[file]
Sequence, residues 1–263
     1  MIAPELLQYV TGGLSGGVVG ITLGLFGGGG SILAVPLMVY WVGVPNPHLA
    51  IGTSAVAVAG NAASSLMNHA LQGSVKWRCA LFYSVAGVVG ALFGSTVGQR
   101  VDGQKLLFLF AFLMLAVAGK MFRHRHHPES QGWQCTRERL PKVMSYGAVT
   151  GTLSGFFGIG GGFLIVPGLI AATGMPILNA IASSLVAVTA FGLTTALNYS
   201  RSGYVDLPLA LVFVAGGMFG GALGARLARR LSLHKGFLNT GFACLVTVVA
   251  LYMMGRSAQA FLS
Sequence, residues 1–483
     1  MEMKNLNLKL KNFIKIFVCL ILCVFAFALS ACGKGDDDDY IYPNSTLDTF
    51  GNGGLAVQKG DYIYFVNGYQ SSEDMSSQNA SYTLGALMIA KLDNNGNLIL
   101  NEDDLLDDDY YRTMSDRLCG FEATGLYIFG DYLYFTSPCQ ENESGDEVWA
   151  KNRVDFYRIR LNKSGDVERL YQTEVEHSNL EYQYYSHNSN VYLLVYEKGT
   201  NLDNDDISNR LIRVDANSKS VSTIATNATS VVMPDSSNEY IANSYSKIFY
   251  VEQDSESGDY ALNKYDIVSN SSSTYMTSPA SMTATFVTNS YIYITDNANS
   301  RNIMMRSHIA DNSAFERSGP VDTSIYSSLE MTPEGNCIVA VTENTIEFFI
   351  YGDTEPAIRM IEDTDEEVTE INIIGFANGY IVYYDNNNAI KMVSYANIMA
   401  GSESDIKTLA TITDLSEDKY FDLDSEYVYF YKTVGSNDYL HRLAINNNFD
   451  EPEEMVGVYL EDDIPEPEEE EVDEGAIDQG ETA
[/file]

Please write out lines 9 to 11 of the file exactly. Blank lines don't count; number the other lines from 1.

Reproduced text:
     1  MEMKNLNLKL KNFIKIFVCL ILCVFAFALS ACGKGDDDDY IYPNSTLDTF
    51  GNGGLAVQKG DYIYFVNGYQ SSEDMSSQNA SYTLGALMIA KLDNNGNLIL
   101  NEDDLLDDDY YRTMSDRLCG FEATGLYIFG DYLYFTSPCQ ENESGDEVWA